Biographies

Sister Joan Petrik, MM

Born: April 7, 1928
Entered: October 5, 1946
Died: February 4, 2004

Sister Joan Petrik died suddenly on Wednesday, February 4, 2004, in Somotillo, Nicaragua. She was planning a three day retreat with the teachers which was scheduled to begin the following morning when she suddenly felt very sick. A doctor came immediately and rushed her to the clinic. Several hours later Joan died in the arms of Sr. Rachel Pinel, a Presentation Sister, who worked with her. Joan was 75 years old and had been a Maryknoll Sister for 57 years.

Joan Marcella Petrik was born in Baltimore, MD on April 7, 1928, to John Petrik and Dolores Lutz Petrik. She has one sister. Joan graduated from Seton High School, Baltimore, MD in June 1946. She entered Maryknoll on October 5, 1946, and at Reception received the religious name of Sister Rose Sharon. She made her First Profession of Vows on April 6, 1949, and her Final Profession on April 6, 1952. Both ceremonies were at Maryknoll, NY. Joan attended Maryknoll Teacher’s College and received a Bachelor of Arts degree in Education in 1952.

That same year Joan was assigned to Hawaii and taught grades 1 and 3 until 1969. Joan was considered an excellent primary teacher with great understanding and patience with children in that age group. She was very creative and passed this creativity on to the children by allowing them to express themselves through art and paper sculpture.

In 1970, Joan was assigned to the Middle America Region and did pastoral work in Guatemala until 1971. From 1973 to 1980 she worked in El Salvador in the formation of Basic Christian Communities as well as with the Delegates of the Word. In 1981, she returned to Maryknoll to work in the Promotion Department. Upon completion of congregational service in 1984, Joan went to Nicaragua.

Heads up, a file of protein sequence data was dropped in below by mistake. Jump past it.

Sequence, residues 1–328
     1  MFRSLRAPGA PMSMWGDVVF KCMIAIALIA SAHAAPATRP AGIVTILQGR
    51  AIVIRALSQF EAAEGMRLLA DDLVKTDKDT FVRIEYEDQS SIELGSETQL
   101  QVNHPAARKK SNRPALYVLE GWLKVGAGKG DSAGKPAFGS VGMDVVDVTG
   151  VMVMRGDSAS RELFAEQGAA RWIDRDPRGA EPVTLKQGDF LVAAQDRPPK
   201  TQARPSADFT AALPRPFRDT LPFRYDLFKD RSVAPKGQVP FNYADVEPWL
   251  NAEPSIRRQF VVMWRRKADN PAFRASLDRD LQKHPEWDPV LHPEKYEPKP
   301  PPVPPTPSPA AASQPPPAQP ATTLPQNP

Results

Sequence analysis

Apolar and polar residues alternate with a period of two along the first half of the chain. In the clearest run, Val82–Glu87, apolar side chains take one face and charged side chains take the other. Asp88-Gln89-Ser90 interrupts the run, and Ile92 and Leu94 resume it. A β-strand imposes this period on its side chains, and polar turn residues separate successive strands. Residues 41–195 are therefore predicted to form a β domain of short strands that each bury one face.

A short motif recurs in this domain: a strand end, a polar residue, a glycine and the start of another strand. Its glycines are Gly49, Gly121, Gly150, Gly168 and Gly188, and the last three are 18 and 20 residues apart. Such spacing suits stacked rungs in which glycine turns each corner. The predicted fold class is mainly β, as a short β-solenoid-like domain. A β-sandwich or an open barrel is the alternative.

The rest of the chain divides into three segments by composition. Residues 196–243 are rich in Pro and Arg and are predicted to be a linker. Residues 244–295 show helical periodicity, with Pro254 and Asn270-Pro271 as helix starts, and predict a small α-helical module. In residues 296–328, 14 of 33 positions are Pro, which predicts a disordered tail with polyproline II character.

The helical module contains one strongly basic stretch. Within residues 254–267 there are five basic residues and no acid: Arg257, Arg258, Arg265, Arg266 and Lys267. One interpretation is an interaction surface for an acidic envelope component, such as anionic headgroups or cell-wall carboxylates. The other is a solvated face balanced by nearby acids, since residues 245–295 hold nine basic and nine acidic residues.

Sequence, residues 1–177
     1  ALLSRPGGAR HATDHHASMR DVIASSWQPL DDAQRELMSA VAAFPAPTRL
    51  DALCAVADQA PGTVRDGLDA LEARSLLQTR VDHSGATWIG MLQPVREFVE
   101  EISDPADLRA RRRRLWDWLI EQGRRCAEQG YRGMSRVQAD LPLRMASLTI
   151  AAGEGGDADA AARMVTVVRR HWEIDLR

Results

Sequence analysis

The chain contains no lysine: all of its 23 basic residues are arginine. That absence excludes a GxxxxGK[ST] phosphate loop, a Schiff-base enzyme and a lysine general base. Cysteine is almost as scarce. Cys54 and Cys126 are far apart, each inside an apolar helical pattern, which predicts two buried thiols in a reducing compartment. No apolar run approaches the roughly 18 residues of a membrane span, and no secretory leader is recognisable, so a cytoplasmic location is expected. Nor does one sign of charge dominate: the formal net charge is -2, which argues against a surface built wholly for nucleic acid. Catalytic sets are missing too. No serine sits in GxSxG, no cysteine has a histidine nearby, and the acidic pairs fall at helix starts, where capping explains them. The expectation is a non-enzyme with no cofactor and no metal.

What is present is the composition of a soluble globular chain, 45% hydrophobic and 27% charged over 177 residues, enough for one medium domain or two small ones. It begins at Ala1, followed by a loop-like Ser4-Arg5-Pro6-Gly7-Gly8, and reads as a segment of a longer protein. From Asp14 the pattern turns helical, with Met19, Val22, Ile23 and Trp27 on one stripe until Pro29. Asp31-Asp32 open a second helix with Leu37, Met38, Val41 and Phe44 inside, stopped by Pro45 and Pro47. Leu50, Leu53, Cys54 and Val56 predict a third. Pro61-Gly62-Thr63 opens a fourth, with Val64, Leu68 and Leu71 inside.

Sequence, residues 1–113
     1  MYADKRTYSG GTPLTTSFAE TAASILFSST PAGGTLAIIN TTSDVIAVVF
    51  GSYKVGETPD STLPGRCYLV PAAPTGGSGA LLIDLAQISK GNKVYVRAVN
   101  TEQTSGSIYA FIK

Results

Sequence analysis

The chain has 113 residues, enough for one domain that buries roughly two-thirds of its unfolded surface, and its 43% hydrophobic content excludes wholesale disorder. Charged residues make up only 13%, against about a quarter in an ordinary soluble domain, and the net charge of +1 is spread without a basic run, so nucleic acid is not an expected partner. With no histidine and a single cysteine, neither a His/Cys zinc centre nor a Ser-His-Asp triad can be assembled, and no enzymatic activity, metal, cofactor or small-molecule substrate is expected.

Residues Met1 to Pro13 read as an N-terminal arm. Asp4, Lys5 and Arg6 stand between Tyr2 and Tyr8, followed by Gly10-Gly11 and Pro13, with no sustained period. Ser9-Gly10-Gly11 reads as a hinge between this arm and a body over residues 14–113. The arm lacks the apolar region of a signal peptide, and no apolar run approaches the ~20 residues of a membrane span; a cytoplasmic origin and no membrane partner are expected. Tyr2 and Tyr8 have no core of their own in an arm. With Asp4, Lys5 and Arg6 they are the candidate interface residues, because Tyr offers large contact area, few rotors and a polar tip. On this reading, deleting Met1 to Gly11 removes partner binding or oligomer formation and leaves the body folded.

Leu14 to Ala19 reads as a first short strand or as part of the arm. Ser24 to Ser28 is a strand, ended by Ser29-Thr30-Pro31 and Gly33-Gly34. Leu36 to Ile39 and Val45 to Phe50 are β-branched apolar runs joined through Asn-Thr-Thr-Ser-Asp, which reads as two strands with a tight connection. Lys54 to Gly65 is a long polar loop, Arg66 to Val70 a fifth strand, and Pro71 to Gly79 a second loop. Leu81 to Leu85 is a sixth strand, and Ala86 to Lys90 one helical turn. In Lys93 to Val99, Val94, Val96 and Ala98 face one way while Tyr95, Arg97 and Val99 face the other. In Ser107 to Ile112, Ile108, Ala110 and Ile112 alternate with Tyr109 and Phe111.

Her first mission in Nicaragua was in Limay where she worked with Delegates of the Word within the Basic Christian Communities. Then in 1987 Joan went to Somotillo and worked with women, with agronomy projects, and with Delegates of the Word. During this time the people urged her to begin a junior high school with an emphasis on agriculture. It would be the first of its kind in the area. In 1995 Joan began attending to the many street children in Somotillo and it was at this time in collaboration with Fe & Alegria, a Jesuit organization, a grade school named San Isidro was established for the street children. With the help of various groups including the Maryknoll Affiliates from Connecticut, Joan also established a computer school particularly for the teachers but also available to the people of Somotillo. In the aftermath of hurricane Mitch in 1998, Joan with other Maryknollers helped to bring in food and building supplies to the people of Somotillo.

We would like to share what one of our Sisters wrote about Joan after she learned of her death: “What a shock and surprise to hear of Joannie’s passing. Her sudden transformation quickens sharp memories with her still visible presence: Joanie ‘is’ laughter – I can still hear it: contagious and free, erupting through the whole house; Joanie’s love of good food; Joanie’s sense of hospitality; Joanie’s creative projects; Joanie’s openness to want the best for those in Nicaragua; Joanie’s exuberance and love of life – yes she made her ‘small contribution’ as part of this emerging Universe.”

The numbers of people who attended Joan’s wake and funeral in Somotillo were a testimony to the love they had for Sister Joan and all that she meant to them. The teachers from the two schools she established, Basic Integral Rural Agronomy and San Isidro’s took care of all the necessary preparations for Joan’s wake and funeral. The Delegates of the Word and other lay people gave excellent eulogies which were an impressive, inspirational witness of their deep spiritual life and strength they received through Joan’s ministry.

Indeed, Joan showed her own strength and deep spiritual life as she ministered to the people she loved. She was always conscious of their needs and what could be done for them, involving them in a way that would eventually help them to become more independent. A teacher from NY, who yearly visited Joan with his students, remarked that he saw her as “quiet and dedicated and always looking out for the people.”